Removable devices could be putting businesses at risk

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What good are best security practices and policies if your employees aren’t sticking to them? New research among UK workers are doing just that – not adhering to their own companies’ cybersecurity policies.

The report was released by ESET and Kingston Digital, and is based on a poll of 500 British business leaders. It says that almost 70 per cent of companies do have best practice guidelines, but most people aren’t paying attention to them.

Almost half (44 per cent), for example, don’t secure removable devices such as USB sticks with anti-virus software. Not only does that leave a business vulnerable, but also opens the doors for a potential GDPR fine, and we know how hefty those can be.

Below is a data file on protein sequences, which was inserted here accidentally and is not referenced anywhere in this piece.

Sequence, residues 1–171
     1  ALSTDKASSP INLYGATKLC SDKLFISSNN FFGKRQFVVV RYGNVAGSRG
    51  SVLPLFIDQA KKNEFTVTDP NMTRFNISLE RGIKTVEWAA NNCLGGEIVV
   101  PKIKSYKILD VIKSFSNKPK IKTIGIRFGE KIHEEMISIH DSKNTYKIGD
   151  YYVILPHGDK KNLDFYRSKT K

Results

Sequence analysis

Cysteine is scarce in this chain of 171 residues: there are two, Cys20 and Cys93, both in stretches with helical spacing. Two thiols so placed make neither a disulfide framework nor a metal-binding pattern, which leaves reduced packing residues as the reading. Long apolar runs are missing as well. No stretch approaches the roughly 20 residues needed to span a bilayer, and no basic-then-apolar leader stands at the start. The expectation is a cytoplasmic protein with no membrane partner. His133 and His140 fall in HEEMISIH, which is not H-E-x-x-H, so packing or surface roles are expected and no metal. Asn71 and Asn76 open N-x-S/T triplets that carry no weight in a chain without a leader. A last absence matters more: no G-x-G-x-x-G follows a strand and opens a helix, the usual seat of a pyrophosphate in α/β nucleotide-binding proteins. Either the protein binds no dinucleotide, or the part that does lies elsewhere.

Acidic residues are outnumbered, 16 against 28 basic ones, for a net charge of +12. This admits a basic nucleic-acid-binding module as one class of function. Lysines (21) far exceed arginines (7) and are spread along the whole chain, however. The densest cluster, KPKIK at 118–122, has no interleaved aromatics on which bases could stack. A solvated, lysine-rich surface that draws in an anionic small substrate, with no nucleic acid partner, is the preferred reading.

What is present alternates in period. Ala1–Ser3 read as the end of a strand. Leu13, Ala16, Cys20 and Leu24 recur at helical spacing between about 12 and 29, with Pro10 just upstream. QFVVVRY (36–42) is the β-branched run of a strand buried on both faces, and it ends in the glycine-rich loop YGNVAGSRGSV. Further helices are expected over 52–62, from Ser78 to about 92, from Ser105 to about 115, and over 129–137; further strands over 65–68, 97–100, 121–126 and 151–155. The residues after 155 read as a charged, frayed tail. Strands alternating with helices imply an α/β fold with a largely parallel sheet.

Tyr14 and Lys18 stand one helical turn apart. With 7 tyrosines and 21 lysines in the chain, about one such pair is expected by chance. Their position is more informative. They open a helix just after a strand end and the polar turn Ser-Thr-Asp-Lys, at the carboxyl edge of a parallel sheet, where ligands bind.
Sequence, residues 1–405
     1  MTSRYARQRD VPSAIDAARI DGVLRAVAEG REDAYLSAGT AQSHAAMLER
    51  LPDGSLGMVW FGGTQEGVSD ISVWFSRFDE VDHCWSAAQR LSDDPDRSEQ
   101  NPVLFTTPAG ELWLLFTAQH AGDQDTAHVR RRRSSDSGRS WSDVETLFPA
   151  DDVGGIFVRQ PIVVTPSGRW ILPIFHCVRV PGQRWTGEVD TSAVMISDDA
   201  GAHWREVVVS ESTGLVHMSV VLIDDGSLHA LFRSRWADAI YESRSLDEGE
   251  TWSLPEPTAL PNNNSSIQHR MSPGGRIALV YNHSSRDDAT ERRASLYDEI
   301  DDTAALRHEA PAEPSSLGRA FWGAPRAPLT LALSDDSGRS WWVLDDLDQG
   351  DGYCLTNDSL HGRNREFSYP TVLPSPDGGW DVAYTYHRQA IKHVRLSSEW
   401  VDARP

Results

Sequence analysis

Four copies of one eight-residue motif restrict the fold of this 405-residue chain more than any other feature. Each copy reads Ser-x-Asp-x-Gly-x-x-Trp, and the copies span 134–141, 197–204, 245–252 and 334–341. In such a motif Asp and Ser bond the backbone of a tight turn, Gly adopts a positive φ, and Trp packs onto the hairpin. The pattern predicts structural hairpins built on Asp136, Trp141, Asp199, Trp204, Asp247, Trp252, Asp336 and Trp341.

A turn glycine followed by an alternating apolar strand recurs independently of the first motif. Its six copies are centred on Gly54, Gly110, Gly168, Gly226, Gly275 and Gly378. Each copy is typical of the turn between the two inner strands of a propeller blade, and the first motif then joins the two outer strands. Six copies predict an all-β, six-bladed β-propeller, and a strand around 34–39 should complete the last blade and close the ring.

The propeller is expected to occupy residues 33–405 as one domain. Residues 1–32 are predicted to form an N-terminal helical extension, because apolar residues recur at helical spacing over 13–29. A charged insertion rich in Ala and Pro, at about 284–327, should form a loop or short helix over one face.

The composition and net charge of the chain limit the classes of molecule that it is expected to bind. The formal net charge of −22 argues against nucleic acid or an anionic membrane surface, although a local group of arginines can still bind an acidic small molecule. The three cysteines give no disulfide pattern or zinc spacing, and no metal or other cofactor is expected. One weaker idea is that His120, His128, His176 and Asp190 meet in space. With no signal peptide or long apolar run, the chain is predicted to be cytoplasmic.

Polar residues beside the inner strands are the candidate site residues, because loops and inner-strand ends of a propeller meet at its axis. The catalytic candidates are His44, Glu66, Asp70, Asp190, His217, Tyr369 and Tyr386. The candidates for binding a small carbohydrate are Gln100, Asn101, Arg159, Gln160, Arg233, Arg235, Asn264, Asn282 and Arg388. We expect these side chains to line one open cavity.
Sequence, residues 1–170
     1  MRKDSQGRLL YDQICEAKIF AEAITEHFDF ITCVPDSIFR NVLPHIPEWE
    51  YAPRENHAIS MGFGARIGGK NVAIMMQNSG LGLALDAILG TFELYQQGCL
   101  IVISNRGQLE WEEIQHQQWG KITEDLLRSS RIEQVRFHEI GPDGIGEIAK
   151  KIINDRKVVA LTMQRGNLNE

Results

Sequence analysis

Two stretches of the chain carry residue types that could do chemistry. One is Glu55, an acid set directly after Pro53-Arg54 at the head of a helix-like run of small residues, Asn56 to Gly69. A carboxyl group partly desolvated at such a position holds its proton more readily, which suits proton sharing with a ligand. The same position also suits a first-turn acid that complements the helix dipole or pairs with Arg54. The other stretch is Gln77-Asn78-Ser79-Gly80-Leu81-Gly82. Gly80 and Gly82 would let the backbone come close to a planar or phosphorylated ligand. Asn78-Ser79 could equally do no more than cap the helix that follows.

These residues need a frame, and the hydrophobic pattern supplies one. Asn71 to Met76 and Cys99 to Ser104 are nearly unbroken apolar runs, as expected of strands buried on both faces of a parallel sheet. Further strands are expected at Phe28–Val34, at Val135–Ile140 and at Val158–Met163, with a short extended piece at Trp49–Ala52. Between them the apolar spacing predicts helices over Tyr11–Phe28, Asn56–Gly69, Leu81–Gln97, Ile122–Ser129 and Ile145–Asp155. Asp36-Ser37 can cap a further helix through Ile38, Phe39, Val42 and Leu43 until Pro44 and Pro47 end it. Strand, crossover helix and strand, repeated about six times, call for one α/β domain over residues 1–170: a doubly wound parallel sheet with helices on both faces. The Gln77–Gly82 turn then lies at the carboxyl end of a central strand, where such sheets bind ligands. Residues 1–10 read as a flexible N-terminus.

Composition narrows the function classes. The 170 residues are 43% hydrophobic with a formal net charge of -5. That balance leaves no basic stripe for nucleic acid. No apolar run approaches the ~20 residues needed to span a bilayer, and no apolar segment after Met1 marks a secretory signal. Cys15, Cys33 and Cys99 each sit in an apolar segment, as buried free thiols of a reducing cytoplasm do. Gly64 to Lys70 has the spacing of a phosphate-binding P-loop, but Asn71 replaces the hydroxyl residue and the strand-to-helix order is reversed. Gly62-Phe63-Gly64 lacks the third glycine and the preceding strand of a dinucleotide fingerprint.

ESET’s cybersecurity specialist Jake Moore says businesses are moving in the right direction with guidelines, but that’s obviously not enough. “IT teams must work closely with other departments to ensure that employees are following the guidelines on a day to day basis and they have the right tools to protect their work and the entire organisation,” he says.

“All it takes is one infected USB to bring down the whole IT network. When it comes to security, companies need to be 100 per cent secure and recognise that there is no room for error.”

Thumb drives are a huge security risks for companies for many reasons, including the possibility of losing them (together with sensitive data), or using them elsewhere and transferring malware onto the corporate network. It has come to a point where IBM, for example, has completely banned the use of thumb drives.

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